In some instances, this third-party data will be licensed under “open data” licenses. Open data licenses are similar to open source software licenses. However, there is much less uniformity associated with open data licenses than with software licenses. Therefore, these licenses can vary greatly with respect to matters such as attribution, share-alive provisions and whether commercial use is permitted. If a target company is using open data, it is important to confirm it has complied with the applicable open data license. It is also important to make sure that the target company’s open data do not unintentionally taint the acquiring company’s proprietary data through unwelcome share-alike provisions.
Another challenge is ensuring that the target company has the necessary rights in any derivative products have been created by aggregating third-party data with the company’s data. The question of what constitutes a derived product from a data standpoint is challenging, as data products can include data from a number of sources, each subject to its own license agreement. It can be even more difficult if, as is often the case, the matter is not clearly spelled out in the agreement between the parties.
Another due diligence challenge to consider is that some employees of the target company, due to the uncertainty associated with intellectual property rights in data, may have believed it was permissible to “scrape” data from third party websites. The appropriateness of this method to collect data is an open issue, as there are a number of potential legal challenges to protect against web scraping in addition to intellectual property rights. For example, courts are being asked to consider whether scraping violates a website’s terms of service, or whether computer fraud statutes may apply.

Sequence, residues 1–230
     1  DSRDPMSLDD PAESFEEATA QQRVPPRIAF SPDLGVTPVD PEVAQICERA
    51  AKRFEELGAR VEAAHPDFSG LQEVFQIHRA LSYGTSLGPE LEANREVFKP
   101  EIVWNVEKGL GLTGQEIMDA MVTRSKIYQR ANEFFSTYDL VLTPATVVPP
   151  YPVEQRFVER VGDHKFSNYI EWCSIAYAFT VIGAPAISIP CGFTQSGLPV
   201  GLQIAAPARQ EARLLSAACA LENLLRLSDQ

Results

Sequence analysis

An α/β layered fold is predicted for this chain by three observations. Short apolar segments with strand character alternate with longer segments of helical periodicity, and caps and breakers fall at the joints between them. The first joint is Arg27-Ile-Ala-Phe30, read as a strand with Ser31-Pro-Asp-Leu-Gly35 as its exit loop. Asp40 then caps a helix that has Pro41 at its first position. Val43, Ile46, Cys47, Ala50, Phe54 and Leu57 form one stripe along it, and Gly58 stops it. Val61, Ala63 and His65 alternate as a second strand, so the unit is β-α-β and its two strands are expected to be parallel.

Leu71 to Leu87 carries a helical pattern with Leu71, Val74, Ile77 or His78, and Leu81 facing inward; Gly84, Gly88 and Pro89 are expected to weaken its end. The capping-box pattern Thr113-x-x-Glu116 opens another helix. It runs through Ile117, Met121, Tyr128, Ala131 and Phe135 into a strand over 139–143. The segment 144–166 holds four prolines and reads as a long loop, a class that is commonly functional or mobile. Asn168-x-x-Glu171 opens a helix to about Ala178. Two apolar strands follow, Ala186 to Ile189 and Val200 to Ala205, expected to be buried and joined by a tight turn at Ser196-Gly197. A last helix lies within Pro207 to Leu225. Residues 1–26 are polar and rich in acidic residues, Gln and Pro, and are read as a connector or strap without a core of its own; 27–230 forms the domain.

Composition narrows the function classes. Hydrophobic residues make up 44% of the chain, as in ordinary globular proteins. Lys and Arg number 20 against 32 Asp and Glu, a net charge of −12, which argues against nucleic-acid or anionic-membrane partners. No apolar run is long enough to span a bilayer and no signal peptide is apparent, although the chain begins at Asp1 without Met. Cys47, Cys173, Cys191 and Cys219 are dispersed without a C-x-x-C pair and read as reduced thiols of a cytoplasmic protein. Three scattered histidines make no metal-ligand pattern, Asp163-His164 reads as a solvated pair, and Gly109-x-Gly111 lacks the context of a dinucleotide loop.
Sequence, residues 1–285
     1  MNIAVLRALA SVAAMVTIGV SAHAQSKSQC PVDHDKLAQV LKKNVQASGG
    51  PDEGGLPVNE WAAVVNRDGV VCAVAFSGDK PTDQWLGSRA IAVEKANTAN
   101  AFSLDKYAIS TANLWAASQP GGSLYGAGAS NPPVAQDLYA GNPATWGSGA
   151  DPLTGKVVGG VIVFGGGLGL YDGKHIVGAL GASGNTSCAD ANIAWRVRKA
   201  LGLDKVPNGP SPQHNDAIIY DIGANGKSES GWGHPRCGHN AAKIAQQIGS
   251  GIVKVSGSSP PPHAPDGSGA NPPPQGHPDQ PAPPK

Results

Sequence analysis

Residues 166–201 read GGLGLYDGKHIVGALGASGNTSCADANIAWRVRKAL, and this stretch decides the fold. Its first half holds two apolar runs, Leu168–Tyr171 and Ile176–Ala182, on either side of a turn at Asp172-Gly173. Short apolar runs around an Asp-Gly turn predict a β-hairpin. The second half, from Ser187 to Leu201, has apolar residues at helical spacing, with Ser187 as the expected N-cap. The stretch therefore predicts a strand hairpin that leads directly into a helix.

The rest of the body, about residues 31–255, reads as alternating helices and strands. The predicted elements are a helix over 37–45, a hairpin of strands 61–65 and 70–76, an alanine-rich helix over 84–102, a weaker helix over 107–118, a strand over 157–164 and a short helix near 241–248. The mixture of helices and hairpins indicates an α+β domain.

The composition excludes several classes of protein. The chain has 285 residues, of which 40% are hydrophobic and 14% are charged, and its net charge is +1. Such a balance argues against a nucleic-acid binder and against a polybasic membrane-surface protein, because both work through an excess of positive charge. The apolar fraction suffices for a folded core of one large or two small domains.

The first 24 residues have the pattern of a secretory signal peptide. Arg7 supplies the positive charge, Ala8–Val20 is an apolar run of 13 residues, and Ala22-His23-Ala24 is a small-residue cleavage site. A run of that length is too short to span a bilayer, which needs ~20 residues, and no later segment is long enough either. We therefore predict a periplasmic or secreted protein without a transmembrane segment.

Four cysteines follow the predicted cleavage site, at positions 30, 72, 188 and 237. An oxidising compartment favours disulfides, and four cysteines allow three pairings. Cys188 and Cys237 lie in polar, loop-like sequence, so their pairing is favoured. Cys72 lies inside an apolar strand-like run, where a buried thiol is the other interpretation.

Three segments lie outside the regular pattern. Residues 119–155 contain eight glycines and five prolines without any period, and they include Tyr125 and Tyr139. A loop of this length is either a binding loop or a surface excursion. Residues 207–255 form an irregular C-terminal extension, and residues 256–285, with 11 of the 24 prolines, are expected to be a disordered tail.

Understanding rights in data is becoming increasingly critical as more types of data are being collected and used from nontraditional sources, using new sensors and technologies. For example, questions are arising as to who has rights in data collected about a passenger in an autonomous vehicle: the automobile manufacturer, the individual or a third party that provides services using the data? Alternatively, are data collected by a sensor in a home owned by the homeowner, the device manufacturer or the software provider? Until lawmakers change the existing framework, the answers are currently being addressed primarily by contract. As a result, it is important for the acquiring company to understand what rights and responsibilities it has in the data that it is acquiring.
 Feist Publications, Inc. v. Rural Telephone Service Co., 499 U.S. 340 (1991) https://www.law.cornell.edu/copyright/cases/499_US_340.htm.
 Directive 96/9 EC of the European Parliament and of the Council of 11 March 1996 on the legal protection of databases.
 See e.g. Craigslist Inc. v. 3Taps., 942 F.Supp.2d 962 (N.D. Cal. August 16, 2013); hiQ Labs, Inc. v. LinkedIn, Corporation 273 F.Supp.3d 1099 (N.D. Cal. Aug 14, 2017).